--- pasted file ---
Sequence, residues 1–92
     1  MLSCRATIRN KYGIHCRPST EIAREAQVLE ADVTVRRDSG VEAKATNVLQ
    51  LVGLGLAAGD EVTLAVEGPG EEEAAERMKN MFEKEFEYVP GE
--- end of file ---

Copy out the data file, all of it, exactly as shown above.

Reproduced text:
Sequence, residues 1–92
     1  MLSCRATIRN KYGIHCRPST EIAREAQVLE ADVTVRRDSG VEAKATNVLQ
    51  LVGLGLAAGD EVTLAVEGPG EEEAAERMKN MFEKEFEYVP GE